Two Remarkable San Francisco Holiday Traditions

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Two Remarkable San Francisco Holiday Traditions
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Walking the indoor labyrinth at Grace Cathedral in San Francisco. (Photo courtesy of Laurie Jo Miller …

At a pretty Victorian house in the Mission District of San Francisco, something extraordinary has been going on for 23 years. A tree grows at 3650 21st St. between Sanchez and Church streets, attracting thousands of visitors each December. Elsewhere across the city at the top of Nob Hill, a slow but steady stream of individuals enters Grace Cathedral during breaks in the heavy December schedule of evensongs, services, and concerts. Once inside, they calmly proceed to walk in circles. What's the story behind both of these San Francisco holiday traditions?

Tom and Jerry's House

Transplanted to the outdoors as a potted house plant in 1973 by the owners, whose names are Tom and Jerry, the pine on 21st Street has grown to 65 feet and is the centerpiece of the Bay Area's most spectacular private display of Christmas decorations. Each December, Tom and Jerry spend six full weeks festooning their home with a spectacular display, attracting crowds from miles around to the tip-top of a very steep hill. A hydraulic boom truck is required to place a massive star atop the tree, and the pair is assisted by a team of eight with decorating. A live Santa attends each evening to pose for photos at this re-creation of Santa's North Pole workshop, and he passes out 12,000 candy canes, too!

Santa's Workshop

Both of the Tom and Jerry red stockings hanging from the garage roof are 12 feet high and stuffed with oversized teddy bears. Enormous gift-wrapped boxes, each as big as a compact car, are stacked beneath the tree, which boasts 5,000 lights and multi-colored baubles the size of basketballs. Dozens more presents spill out from the chimney to the rooftop below. A motorized train circles the tree skirting, providing a free ride for its passenger, a giant, smiling stuffed polar bear. A Ferris wheel made of 8,500 K'nex pieces is included in the display, along with Mickey Mouse, a giant Barbie doll, animated puppets, dozens of soft animals and cuddly toys, and Tom and Jerry dolls perched front-and-center on a 10-foot wreath.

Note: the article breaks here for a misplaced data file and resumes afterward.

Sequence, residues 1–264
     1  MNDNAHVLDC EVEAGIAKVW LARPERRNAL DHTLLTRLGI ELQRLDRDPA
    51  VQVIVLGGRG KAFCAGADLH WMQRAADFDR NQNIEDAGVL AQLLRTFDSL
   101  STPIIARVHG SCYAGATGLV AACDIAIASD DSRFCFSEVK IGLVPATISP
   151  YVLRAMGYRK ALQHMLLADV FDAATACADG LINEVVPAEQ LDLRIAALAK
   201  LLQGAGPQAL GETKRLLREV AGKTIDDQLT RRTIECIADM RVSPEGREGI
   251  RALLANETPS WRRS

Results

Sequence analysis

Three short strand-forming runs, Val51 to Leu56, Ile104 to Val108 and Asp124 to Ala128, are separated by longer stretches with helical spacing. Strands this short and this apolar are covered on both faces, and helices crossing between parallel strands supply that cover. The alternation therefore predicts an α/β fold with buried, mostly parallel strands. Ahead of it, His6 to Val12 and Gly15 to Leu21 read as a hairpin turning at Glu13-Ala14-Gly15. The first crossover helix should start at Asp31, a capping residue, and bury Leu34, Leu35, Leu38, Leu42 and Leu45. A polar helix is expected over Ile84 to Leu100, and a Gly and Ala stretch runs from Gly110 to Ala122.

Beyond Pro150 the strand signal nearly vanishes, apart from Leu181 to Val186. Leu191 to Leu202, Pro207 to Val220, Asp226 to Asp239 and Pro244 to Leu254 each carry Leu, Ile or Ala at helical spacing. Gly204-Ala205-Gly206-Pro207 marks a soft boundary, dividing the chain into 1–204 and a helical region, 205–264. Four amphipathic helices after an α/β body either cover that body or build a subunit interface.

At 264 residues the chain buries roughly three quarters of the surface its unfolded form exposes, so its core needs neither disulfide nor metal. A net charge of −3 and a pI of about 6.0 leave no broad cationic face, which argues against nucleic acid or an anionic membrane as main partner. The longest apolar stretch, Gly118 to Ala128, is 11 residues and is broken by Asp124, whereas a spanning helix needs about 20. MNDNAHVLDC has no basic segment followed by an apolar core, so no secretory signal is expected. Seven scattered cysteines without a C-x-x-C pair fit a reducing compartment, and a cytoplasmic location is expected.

And They Came...

Tom Taylor and Jerry Goldstein estimate their visitor numbers now reach 30,000 annually, but they don't care to venture a guess as to their expenditure on electricity, storage, maintenance, security, mounting, and dismounting. The lights come on at 5:30 p.m. and remain lit until about midnight as pedestrians and cars pass by. The owners' special request is no horn honking, and they do prefer folks to park at the base of the hill to arrive on foot. They must have some very tolerant neighbors! The decorations remain up from two weeks before Christmas until January 2. Come and appreciate this brilliant Bay Area institution while it lasts to make it part of your own free and fun holiday traditions, too.

Grace Cathedral's Labyrinth

Grace Cathedral is the most imposing structure atop Nob Hill. Throughout December, the famed Choir of Men and Boys perform favorites of the season, the resounding hallelujahs conclude Handel's "Messiah" masterpiece, and a brass and organ ensemble fills the neo-gothic space accompanied by carillon bells. Yet another tradition goes on here. When the carolers and concert-goers are gone, when the folding chairs have been removed, when the cathedral is empty and still, I walk the floor's 35-foot labyrinth. Beneath the vaulted ceilings and 32 stained glass windows, the floor labyrinth is based on a medieval labyrinth from 1220 in the cathedral in Chartres, France. Walking along the pattern is a form of meditation. The labyrinth walking experience is especially popular during the holiday season, when candles are lit and music accompanies the peaceful labyrinth walkers, some on their way in and some on their way out, a metaphor for journeys in one's life. Try it and enjoy!

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